A new minimally invasive cell sampling device coupled with assessment of trefoil factor 3 expression can be used to identify patients with reflux symptoms who warrant endoscopy to diagnose Barrett's esophagus, according to a new study.
  • Baleen whales hear through their bones
    Understanding how baleen whales hear has posed a great mystery to marine mammal researchers. Biologists reveal that the skulls of at least some baleen whales, specifically fin whales in their study, have acoustic properties that capture the energy of low frequencies and direct it to their ear bones.
  • Public and scientists express strikingly different views about science-relate...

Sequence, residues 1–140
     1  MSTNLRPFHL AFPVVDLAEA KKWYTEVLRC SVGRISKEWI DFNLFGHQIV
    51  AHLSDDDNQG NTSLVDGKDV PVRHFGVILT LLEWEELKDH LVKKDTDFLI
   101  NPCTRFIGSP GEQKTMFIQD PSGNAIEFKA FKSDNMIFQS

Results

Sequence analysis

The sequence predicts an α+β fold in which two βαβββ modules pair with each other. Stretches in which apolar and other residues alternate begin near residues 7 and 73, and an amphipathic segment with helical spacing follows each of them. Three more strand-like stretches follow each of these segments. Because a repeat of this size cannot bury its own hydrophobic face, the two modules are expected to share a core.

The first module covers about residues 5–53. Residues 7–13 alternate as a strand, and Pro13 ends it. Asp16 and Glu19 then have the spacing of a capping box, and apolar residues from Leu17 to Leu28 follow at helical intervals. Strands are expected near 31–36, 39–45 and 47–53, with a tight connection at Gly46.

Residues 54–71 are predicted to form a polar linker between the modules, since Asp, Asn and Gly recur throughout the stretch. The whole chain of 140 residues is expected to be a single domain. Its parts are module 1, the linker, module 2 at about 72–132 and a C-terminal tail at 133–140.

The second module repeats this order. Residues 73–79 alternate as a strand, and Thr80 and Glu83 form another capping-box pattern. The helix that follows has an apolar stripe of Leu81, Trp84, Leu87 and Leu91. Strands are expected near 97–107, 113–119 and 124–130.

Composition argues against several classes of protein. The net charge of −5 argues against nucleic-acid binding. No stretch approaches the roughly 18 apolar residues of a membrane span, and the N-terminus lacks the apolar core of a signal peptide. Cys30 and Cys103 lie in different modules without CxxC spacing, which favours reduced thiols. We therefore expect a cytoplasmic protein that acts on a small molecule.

Despite similar views about the overall place of science in America, the general public and scientists often see science-related issues through a different lens, according to a new pair of surveys.
  • Research about unique cardinal revealed
    A biological sciences professor is receiving attention for his research and publication on a bilateral gynandromorph bird found in the wild. More specifically, the bird has the brownish-gray feathered appearance of a female cardinal on its right side and that of a male cardinal's red feathers on its...
  • New clues about a brain protein with high affinity for valium
    Valium, one of the best known antianxiety drugs, produces its calming effects by binding with a particular protein in the brain. But the drug has an almost equally strong affinity for a completely different protein. New studies revealing atomic level details of this secondary interaction might offer...
  • Texting may be more suitable than apps in treatment of mental illness